Voices from the Northern Forest Canoe Trail

The Official Blog of the Northern Forest Canoe Trail :: Paddling – or dreaming about it – in the Northern Forest

NFCT Stewardship Machine

Categories: Northern Forest Canoe Trail, Trail Stewardship - Tags: , , , , , , ,

By Walter Opuszynski
Trail Director

The Northern Forest Canoe Trail field season is winding down and we are shifting gears towards fall projects. But first, holy smokes, it’s hard to believe all the work that was accomplished this summer! Over the years we have developed a stewardship machine that professionally improves the paddler experience, mitigates user impact, and works to help keep our waters in good shape.

Like all machines there are a number of moving parts. Two highly efficient gears this summer have been our regional field coordinators, Noah Pollock (NY-VT-QC) and Will Jeffries (NH-ME). Starting in early spring they helped with hiring and planning, and then led our Stewardship Intern Crew and many volunteers through a flurry of field projects, including several we have been working on for a number of years.


Regional field coordinator Will Jeffries on the aptly named Moose River Bow Loop.

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Spring canoe trip on the Allagash River, May 10–15, 2016

Categories: Northern Forest Canoe Trail - Tags: , , , ,

By Chris Gill
Volunteer Trail Maintainer & Section-paddler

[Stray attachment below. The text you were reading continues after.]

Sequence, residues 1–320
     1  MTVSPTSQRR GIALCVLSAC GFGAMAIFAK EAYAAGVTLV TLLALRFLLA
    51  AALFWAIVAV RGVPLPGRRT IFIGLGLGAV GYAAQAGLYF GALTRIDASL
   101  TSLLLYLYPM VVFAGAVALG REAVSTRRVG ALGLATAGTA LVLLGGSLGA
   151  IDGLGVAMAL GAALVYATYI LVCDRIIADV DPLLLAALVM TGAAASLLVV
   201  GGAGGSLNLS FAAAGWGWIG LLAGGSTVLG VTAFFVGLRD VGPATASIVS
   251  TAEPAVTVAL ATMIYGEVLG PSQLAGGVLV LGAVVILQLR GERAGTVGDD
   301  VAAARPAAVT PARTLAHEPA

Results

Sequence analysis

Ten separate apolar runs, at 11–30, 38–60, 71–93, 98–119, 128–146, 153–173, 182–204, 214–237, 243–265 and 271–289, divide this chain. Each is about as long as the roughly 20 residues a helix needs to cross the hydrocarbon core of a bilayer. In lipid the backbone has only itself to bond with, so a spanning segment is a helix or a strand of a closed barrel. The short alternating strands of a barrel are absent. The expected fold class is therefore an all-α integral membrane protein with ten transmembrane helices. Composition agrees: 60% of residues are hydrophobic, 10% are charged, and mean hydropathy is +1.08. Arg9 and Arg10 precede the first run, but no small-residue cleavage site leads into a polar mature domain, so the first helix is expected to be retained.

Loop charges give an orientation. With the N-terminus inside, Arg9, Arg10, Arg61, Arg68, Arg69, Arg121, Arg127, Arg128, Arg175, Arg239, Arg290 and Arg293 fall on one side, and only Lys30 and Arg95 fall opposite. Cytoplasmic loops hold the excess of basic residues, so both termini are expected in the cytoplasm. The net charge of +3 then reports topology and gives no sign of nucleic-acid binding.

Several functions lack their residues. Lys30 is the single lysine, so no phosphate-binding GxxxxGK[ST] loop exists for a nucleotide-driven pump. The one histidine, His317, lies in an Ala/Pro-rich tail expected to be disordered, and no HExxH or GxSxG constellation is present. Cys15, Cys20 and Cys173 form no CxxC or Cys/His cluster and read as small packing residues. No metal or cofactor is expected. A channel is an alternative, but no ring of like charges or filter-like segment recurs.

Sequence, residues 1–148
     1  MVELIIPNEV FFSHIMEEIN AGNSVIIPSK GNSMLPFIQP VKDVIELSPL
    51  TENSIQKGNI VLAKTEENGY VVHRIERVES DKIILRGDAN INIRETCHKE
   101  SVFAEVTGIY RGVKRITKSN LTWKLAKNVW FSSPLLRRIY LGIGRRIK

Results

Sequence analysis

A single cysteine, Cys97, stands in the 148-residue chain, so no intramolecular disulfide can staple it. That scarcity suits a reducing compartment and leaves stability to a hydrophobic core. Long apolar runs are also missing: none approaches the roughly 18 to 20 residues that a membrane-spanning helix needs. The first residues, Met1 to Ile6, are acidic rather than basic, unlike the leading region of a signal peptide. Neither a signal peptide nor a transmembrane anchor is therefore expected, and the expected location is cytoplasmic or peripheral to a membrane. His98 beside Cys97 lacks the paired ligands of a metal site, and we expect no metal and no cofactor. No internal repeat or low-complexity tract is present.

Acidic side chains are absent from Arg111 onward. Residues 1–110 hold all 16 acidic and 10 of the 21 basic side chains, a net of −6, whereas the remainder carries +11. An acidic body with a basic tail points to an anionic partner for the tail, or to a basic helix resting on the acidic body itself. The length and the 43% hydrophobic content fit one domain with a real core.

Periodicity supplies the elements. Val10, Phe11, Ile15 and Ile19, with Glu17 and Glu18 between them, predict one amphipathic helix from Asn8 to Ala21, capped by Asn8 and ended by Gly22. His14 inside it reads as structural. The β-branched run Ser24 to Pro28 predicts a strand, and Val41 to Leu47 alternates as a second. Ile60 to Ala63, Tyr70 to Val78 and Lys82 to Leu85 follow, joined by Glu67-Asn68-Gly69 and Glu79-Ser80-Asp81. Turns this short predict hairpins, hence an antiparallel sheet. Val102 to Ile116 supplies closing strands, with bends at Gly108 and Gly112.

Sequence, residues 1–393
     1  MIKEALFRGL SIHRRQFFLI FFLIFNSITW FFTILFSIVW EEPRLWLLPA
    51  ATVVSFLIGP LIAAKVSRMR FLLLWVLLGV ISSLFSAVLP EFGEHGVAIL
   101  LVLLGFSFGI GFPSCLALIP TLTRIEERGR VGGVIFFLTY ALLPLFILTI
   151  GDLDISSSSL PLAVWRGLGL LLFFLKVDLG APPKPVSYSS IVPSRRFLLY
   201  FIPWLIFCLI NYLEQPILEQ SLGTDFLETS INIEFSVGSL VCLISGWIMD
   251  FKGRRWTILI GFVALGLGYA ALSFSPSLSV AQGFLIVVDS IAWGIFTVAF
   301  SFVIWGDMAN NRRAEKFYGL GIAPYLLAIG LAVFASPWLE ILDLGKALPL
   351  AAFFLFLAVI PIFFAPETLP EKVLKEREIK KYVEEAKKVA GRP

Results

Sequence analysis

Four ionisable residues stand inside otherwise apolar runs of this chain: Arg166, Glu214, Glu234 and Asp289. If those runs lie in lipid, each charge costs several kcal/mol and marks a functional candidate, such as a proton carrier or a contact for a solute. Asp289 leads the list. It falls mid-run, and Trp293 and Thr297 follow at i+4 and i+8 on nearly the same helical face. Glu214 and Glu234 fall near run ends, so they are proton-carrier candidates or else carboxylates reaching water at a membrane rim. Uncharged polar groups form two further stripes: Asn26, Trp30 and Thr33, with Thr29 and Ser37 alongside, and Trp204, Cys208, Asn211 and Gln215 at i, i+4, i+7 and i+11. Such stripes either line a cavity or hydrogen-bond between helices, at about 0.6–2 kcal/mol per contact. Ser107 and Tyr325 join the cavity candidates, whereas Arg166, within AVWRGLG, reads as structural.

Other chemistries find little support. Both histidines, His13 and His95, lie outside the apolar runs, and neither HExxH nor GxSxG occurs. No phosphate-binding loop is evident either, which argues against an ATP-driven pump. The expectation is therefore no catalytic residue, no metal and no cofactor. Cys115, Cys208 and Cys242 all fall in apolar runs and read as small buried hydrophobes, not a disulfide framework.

sunset_Allagash River May 2016_ChrisGillLocation: Allagash Wilderness Waterway, Maine
Put-in: Indian Stream
Take-out: Town of Allagash

The Allagash River is an iconic section of the 740-mile Northern Forest Canoe Trail. If you go during the first week of May right after ice out you get your choice of campsites, there are no bugs, no thunderstorms, and no crowds. You also get snow in the woods, mud in the campsites, cold howling headwinds, below freezing nights, and maybe hypothermia inducing rain. I wouldn’t send a neophyte paddler on this trip at this time of year but it’s a wonderful time for more experienced canoeists.

Day 1

Our group consisted of six people and a dog in three canoes. After shuttling, everyone eventually ended up at the Indian Stream put-in, ate lunch and headed down the narrow but lively brook to Eagle Lake. An added bonus this time of year is plenty of water in the streams. Read more

Canoeing and portaging with kids on the East Branch Penobscot River, August 22-24, 2016

Categories: From the Executive Director, Northern Forest Canoe Trail - Tags: , , ,

By Karrie Thomas
Executive Director


Location: East Branch Penobscot River, Maine
Put-in: Matagamon Wilderness Campground
Take-out: Lunksoos Basecamp

I could tell the river was rising. I built a cairn at the waterline while washing our dinner dishes. It was not big, only three rocks and maybe a foot tall. When I checked it an hour later, it was under water.

I was with my family at the Upper East Branch tent site on the East Branch Penobscot River in Maine. Deciding to do this trip had been a long process with advice from several friends. My husband and I are skilled whitewater paddlers, but we wanted a canoe trip where we could bring our 7- and 4-year old boys. People who know the river told us we would be fine. People who have kids thought we were crazy!

My particular concern was having too much water. Big water is pushy and in my mind it would only add to the portaging we would have to do with two kids in tow. I was sure we could make it safe, but I was not looking forward to walking all of the rapids that would be part of the 20-mile stretch of river we planned to paddle with two canoes.

After a month of little rain, northern Maine got a deluge in the days before we started. The river went from 500 cfs to around 2,000 cfs in 12 hours. It had settled back down by the time we put-in, but as we went to bed on our first night, the river was rising. Read more

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